| by Victor Cherubim
( March 26, 2014, London, Sri Lanka Guardian) Sri Lanka is a sovereign, independent nation, with a democratically elected government, whether we like it or not. It has a civilisation spanning nearly 5000 years, a pristine culture, respected religion and with prehistoric traditions of its peoples. By some stretch of “human imagination,” perhaps, oblivious to some, “do gooders” want to associate, to compare, class and classify, this nation, as a State similar to Sierra Leone or Rwanda or even Cambodia. They maintain they are justified in internationally intervening in its national affairs,” on basis of “right to protect, “without understanding its cultural sensitivities, or giving it time and space for “rights improvement.”
|cartoon courtesy from the UK Mirror|
Successive Governments of Sri Lanka, over 30 long years, having put up, with a group wanting to overthrow the State by violence, undoubtedly accepted the war situation in a part of its sovereign territory during this period. It continued providing basic necessities and amenities, food, medical facilities, education, pension rights, salaries for all civil and government servants and transport, to all its citizens, though perhaps, the barest for survival in the eyes of some observers.
Understandably, this provision was afforded to the enemies of the State, for all intents and purposes, before, during, and after this war, as the State accepted its responsibility to all its citizens in whatever way it deemed possible. This was on the basis that the peoples affected in the war torn areas were also, citizens of Sri Lanka, race or religion notwithstanding.
There is no denying that Sri Lankans of all races and creeds helped to bring relief to the war stricken in the various camps, after the war, irrespective of spurious claims by some parties.
After two successive resolutions on Human Rights by the UNHRC, Geneva, in March 2012 and 2013, a third resolution chastising the nation of Sri Lanka has now been drafted and will be voted on within days, showing Sri Lanka as callus. The Government of Sri Lanka is before this Council to justify its wrongs. It has tried to explain that at the end of any conflict, it is inevitable; sometimes it is necessary to accept a degree of human rights violations, as part and part of war. It has continually argued that it is responsible to enforce accountability.
The Draft resolution has been amended several times to accommodate the views of its 47 member nations. It naturally has tried to understand the utility of accountability measures, such as sanctions or force, as it is aware it cannot immediately be enforced.
Yet, UNHRC is determined to adjudicate whether an international investigation body, will be forced upon Sri Lanka and its people, by a coterie of nations tied to the will of some powerful nations, by a variety of strategic or economic reasons. It is deemed a free vote, in practice it is predetermined. The third UNHRC resolution will we expect call for an international investigation, being “thrust down our throats, “in the guise of its “right to enforce” accountability for the crimes against humanity and in the process hope to “create” reconciliation among Sri Lankans. Many observers consider this is a way to cajole the unconvinced, as reconciliation and accountability are two ends of the spectrum of UNHRC architecture.
Enforceability of the International Resolution
Punitive sanctions could not be immediately envisaged in non compliance without recourse to a Security Council resolution. Yet there are many challenges, hurdles to overcome least of all the consent of the Government of Sri Lanka, to allow an international panel appointed to investigate war crimes, within Sri Lanka.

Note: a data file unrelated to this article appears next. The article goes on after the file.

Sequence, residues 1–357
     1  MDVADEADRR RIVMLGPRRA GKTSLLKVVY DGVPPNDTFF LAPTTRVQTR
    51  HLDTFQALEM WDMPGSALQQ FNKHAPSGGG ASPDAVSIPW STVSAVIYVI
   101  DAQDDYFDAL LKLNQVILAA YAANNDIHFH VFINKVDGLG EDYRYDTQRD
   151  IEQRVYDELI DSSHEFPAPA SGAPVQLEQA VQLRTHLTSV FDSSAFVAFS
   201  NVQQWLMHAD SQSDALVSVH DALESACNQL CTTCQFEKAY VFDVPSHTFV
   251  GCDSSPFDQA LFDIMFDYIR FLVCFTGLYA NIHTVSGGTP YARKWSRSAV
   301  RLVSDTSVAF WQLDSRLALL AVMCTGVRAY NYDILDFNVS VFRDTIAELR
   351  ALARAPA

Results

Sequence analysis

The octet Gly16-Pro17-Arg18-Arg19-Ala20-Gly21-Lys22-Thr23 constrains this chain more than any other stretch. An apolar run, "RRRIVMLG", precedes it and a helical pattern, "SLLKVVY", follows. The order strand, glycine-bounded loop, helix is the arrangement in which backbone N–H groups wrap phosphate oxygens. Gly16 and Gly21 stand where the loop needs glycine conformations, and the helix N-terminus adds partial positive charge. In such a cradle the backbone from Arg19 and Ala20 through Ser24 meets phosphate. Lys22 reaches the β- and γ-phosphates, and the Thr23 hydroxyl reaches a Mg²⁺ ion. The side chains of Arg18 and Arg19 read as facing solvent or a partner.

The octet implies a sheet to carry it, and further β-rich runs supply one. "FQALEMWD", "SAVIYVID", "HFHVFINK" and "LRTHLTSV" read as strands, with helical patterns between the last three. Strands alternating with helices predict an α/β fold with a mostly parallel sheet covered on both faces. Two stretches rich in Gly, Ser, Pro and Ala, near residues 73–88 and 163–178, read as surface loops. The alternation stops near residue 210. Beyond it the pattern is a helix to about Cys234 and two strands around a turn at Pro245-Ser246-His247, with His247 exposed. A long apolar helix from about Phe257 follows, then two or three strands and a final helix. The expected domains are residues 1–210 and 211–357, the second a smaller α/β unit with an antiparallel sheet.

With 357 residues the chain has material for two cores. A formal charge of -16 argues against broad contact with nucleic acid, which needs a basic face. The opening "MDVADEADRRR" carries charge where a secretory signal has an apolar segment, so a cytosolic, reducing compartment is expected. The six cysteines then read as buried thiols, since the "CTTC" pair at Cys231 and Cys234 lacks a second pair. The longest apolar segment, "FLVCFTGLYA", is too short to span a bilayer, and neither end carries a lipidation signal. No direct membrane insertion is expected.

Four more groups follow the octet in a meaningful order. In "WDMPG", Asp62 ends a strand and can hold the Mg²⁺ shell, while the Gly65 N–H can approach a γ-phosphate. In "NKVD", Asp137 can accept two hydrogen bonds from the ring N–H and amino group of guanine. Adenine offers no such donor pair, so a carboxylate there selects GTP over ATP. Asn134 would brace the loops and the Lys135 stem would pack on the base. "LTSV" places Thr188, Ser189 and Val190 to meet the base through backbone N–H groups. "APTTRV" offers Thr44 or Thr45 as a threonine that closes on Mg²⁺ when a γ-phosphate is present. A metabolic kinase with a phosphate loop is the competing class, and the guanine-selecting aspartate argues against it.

If there is an International Commission of Inquiry, it could be a judicial inquiry, it could be held outside of Sri Lanka. Significant challenges to promoting human rights norms still remain. Attention to prevention of future non compliance, accountability for atrocities would also have to be given consideration.
There is the question of the rights of the State against the rights of UNHRC. The issue is to assess Human Rights conduct of States. Then there is the issue whether enforcement will only publicise the abuses, rather than correct them. In fact, the general consensus among members is that condemnation is counterproductive. Rather, a way of finding or responding to the atrocities already committed is gaining favour among many Asian and African members on UNHRC. There is a doubt whether reconciliation is something that could be enforced from the outside.
Allowing that the concept of Human Rights is abstract to many in the under developed world. Many nations continue to dispute UN intervention in civil and political matters.
“Governments resist adhering to international norms that are perceived as contradictory to local, cultural and social values, as the world struggles to balance the democratic promise of human rights protection against Western values of identification.”
Locus of Activity
What we are seeing in the world today is the raising of the political will and public consciousness in resolution of human rights issues. The rights of women, minorities, persecuted ethnic groups also have steadily increased. The locus of activity has moved to regional compliance rather than international intervention. This is markedly attracting civil society efforts in achieving striking success in tackling human rights abuses.
Words of advice to Mr.Cameron
Some parts of Rukshan Perera’s melody (of Jet Liners fame) could sum it all up:
“Don’t bring shame to your country, Mr. Cameron! Why use us to win your votes, Mr. Cameron! Why forever drag us down, Mr. Cameron! Cut the bull on human rights, Mr.Cameron !!!.”